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Provisional Information on Selected Notifiable Diseases in the United States for 53
Week Ended January 10, 1953
Dr. E. A. Belden, Missouri Department of Public Health and
Welfare, reports a case of smallpox in a white male, age 19, in
Jefferson County. The patient, who attended college in Indiana,
left for his home by train 13 days prior to onset of the illness,
which was on January 1, 1953. He was vaccinated 12 years ago
and had chickenpox at the age of 3. Laboratory studies are under-
way. A delayed case of smallpox, with onset December 20, was
reported in Vernon County. No additional cases have occurred in
Dr. R. H. Heeren, Iowa State Department of Health, gives
additional information on the case of smallpox reported for the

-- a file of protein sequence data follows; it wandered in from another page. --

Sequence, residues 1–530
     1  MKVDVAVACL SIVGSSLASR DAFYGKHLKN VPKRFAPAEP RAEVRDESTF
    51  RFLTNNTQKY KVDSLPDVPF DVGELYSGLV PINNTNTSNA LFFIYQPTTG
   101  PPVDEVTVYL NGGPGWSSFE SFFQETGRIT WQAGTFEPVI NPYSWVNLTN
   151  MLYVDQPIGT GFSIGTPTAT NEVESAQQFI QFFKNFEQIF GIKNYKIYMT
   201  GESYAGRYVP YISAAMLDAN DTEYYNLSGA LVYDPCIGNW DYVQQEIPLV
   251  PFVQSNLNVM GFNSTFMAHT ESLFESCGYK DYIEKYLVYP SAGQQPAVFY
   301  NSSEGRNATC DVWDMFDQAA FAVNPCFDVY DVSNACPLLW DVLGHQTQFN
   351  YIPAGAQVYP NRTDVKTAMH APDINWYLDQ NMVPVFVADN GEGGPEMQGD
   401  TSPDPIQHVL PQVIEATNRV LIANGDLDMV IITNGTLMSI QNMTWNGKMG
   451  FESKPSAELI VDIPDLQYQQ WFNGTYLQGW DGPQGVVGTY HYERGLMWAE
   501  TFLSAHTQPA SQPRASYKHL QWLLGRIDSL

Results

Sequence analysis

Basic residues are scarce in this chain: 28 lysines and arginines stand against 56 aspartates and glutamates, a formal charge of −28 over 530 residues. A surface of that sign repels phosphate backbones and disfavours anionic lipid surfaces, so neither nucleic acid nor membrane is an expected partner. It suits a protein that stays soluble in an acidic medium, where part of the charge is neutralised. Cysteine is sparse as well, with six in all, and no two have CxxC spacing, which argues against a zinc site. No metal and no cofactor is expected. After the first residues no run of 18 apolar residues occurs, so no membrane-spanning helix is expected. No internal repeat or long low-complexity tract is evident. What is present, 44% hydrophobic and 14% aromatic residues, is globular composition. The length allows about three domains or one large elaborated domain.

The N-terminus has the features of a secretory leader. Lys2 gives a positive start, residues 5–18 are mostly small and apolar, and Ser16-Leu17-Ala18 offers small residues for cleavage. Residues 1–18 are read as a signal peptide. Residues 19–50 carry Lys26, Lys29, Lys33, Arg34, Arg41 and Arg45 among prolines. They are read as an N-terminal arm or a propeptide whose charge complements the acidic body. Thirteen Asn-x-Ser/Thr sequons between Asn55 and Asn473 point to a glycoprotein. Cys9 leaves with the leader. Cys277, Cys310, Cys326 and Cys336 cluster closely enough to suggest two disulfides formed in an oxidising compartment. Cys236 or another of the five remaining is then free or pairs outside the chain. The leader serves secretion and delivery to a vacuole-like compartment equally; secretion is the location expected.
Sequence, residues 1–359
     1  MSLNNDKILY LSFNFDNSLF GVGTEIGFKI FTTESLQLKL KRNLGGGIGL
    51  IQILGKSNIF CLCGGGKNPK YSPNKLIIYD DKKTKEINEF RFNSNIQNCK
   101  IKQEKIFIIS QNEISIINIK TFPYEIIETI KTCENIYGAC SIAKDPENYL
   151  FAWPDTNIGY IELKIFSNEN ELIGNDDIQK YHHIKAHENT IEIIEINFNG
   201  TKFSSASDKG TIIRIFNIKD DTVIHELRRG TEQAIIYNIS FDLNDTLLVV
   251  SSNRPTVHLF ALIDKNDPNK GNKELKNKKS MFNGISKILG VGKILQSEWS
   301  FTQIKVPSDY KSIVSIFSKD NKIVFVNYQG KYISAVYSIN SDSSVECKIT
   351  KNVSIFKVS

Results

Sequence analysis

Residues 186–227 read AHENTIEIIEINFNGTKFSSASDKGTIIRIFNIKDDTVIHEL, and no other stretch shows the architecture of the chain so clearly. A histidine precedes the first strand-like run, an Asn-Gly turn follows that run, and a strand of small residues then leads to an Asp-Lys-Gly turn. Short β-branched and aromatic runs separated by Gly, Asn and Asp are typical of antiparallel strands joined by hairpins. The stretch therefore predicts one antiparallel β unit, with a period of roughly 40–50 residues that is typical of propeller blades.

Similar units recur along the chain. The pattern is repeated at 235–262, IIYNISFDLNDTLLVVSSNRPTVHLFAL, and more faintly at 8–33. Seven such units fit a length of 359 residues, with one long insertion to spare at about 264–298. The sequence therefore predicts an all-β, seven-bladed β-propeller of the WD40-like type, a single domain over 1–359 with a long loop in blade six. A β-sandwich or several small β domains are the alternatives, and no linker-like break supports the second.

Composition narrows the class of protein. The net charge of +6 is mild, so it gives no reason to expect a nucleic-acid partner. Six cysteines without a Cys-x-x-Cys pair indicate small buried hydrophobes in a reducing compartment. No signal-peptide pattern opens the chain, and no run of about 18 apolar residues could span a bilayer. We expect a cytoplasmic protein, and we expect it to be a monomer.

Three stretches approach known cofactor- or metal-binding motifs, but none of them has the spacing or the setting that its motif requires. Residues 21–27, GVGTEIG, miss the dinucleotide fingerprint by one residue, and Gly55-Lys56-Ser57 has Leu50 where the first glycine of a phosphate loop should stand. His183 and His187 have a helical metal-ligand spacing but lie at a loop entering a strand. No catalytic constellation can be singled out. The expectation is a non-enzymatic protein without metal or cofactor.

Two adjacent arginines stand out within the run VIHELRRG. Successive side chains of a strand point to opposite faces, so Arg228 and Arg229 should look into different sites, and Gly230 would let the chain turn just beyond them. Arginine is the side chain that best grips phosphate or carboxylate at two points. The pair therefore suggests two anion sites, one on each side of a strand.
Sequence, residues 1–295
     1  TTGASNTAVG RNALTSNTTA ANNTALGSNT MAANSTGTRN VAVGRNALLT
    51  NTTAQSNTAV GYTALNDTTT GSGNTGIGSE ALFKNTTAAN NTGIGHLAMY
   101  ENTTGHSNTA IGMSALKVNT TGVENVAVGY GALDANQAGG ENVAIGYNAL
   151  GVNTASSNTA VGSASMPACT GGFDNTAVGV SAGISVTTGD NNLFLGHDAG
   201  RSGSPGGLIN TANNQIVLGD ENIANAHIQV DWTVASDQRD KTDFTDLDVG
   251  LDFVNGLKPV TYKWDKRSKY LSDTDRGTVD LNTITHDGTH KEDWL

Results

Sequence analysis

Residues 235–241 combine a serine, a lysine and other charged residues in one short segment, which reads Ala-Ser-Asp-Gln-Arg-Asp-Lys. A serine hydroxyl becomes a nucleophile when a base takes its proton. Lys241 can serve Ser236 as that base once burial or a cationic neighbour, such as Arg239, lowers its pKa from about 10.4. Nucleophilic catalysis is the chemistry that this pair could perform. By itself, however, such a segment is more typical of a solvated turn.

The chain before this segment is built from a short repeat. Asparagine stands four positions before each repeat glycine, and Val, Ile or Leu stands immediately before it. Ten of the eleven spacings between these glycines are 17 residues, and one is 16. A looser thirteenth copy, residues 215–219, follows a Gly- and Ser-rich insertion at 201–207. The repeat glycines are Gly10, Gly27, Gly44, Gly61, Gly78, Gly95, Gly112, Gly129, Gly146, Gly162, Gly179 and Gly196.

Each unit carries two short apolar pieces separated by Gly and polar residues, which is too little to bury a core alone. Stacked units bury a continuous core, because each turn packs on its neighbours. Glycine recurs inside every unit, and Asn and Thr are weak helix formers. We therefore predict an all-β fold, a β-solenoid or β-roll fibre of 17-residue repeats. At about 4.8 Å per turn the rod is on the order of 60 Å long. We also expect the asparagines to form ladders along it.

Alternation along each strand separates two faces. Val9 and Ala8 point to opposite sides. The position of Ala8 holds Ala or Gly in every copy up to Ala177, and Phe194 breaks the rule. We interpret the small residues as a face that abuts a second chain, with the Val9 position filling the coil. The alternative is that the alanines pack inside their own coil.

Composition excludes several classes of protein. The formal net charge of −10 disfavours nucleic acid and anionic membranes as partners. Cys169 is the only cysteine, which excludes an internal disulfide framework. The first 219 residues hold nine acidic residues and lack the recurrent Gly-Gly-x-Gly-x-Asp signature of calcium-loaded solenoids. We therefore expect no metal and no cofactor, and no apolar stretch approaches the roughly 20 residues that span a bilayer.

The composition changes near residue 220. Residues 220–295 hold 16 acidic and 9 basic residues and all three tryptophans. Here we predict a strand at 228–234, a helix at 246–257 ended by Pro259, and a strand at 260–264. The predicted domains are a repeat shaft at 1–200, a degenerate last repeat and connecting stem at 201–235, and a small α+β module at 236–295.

week ended December 13. This case occurred in Sioux City where
no smallpox has been diagnosed for several years. The source
of infection was not determined. The patient was a 11-year-old
boy who had a successful vaccination about 5 years ago. No lab-
oratory tests have been made which might confirm or reject the
diagnosis, consequently this case is reported as "not confirmed."
Influenza and other respiratory diseases
The following reports have been received by the Influenza
Information Center, National Institutes of Health, and by the
National Office of Vital Statistics.
Dr. A. P. McKee, of the Influenza Regional Laboratory, Iowa
City, Iowa, reports the isolation of 6 strains of influenza A virus
resembling the FM-1 strain, from cases in Iowa City. He has
also isolated influenza A strains from a military installation in
Missouri, similar to those previously recovered by Dr. M. R.
Hilleman from the same place.
Dr. Gordon Meikeljohn, of the Influenza Collaborating Lab-
oratory, Denver, and the Division of Preventive Medicine, United
States Air Force, reports an outbreak of influenza at a military
installation in Colorado, beginning January 4. Five paired serum
samples showed marked rise in titer to A-prime antigen. Cases
of influenza-like disease appeared earlier in the near-by civilian